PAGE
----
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Inuit Art: Canada’s Soft Power Resource to Fight Communism

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Focusing on publicly funded international travelling exhibitions of Inuit art during the 1950s and 1960s, this article examines how Canadian civil servants came to recognize contemporary Inuit art as a ‘soft power resource’, an attractive cultural force with moral authority in the international arena, which they could use to fight communism as part of the cultural Cold War. The article takes into consideration how the discourses of modernism and primitivism shaped the reception of Inuit sculpture in Eastern Europe, and the way those discourses had political resonances that coincided with the government’s policy of validating the nationalist aspirations of Europeans while sharing carefully mediated glimpses of Canadian life, among other objectives. Seeking to understand how Joseph Nye’s concept of a ‘soft power resource’ can provide a useful way of understanding the reshaping of Canada’s cultural policies after World War II, specific reference is made to the ways that Indigenous arts were entangled in Canada’s foreign objectives during this era.
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Keywords: Canadian Eskimo Art; Cold War exhibitions; Inuit art; art and diplomacy; exhibitions and soft power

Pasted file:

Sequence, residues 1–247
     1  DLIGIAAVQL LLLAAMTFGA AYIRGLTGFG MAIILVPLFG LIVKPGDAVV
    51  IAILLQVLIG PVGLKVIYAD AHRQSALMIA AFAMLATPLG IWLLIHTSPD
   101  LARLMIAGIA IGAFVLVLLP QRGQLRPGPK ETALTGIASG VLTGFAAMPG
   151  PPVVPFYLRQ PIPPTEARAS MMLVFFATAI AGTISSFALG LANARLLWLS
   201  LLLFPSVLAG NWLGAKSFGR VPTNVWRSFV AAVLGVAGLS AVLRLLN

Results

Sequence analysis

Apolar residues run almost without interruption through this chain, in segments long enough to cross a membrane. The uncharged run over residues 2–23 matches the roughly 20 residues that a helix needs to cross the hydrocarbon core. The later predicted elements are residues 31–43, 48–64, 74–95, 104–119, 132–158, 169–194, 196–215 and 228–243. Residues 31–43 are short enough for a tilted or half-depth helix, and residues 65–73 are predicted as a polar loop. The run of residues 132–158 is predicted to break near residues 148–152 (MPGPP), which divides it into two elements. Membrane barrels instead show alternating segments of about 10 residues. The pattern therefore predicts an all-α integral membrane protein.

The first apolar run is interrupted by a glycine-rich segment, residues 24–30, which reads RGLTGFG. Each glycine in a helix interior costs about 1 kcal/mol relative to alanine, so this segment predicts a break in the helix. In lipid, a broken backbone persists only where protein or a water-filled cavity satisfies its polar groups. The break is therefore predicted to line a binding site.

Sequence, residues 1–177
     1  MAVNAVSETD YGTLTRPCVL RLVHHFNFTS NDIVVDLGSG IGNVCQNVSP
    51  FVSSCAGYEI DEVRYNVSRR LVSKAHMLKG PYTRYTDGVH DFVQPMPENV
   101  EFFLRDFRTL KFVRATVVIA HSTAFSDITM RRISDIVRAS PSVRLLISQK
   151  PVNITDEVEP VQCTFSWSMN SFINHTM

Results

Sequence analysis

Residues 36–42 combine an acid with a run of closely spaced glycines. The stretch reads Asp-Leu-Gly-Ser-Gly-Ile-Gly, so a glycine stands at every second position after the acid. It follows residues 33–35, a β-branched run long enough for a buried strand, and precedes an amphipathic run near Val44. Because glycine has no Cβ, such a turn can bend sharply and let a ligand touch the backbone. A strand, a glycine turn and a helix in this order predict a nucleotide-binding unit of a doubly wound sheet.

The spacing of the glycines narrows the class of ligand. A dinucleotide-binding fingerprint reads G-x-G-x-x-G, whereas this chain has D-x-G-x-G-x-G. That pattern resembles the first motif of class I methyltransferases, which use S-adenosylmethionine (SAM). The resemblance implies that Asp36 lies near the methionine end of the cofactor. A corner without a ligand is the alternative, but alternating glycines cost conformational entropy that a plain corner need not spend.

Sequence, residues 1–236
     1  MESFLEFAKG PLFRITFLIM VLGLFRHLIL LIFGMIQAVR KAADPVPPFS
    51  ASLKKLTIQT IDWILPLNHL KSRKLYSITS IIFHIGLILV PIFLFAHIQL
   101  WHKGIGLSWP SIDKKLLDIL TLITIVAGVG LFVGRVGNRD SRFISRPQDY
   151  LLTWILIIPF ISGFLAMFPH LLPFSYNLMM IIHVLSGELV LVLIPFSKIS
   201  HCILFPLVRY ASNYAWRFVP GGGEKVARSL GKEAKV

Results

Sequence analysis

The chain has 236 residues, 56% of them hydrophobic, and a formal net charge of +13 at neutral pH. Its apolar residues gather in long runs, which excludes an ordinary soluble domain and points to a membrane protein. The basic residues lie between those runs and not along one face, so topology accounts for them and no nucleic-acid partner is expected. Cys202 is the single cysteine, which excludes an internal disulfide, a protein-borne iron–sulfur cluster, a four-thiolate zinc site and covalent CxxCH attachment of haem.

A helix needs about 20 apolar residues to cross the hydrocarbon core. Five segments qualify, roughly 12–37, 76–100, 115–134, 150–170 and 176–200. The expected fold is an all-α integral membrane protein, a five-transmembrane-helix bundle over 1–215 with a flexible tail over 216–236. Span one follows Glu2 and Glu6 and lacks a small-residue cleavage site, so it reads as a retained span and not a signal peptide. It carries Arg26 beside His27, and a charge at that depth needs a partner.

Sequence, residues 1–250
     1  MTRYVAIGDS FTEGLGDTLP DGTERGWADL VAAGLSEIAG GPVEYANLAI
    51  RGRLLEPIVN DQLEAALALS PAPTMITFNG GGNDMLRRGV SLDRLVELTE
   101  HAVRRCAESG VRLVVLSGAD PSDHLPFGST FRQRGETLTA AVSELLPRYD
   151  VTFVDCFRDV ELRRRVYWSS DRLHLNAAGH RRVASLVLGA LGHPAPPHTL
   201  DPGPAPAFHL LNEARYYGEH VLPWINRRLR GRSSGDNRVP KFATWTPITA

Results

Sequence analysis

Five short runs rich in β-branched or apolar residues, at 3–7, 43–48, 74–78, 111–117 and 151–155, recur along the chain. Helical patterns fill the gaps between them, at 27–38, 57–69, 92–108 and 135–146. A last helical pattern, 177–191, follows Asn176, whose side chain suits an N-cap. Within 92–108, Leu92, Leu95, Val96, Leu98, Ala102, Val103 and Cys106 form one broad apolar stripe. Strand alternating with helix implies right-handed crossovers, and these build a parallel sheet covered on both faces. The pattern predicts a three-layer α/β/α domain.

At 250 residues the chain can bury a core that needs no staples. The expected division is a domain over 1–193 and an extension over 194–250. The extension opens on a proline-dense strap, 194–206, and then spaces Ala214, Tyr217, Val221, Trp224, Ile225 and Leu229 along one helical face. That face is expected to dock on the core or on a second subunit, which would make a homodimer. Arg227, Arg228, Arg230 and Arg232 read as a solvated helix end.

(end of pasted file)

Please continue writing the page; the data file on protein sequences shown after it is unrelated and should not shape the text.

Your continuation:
Document Type: Research Article

Affiliations: Queen’s University

Publication date: October 1, 2016

More about this publication?
  • The Journal of Curatorial Studies is an international, peer-reviewed publication that explores the cultural functioning of curating and its relation to exhibitions, institutions, audiences, aesthetics and display culture. The journal takes a wide perspective in the inquiry into what constitutes "the curatorial." Curating has evolved considerably from the connoisseurship model of arranging objects to now encompass performative, virtual and interventionist strategies. While curating as a spatialized discourse of art objects remains important, the expanded cultural practice of curating not only produces exhibitions for audiences to view, but also plays a catalytic role in redefining aesthetic experience, framing cultural conditions in institutions and communities, and inquiring into constructions of knowledge and ideology.
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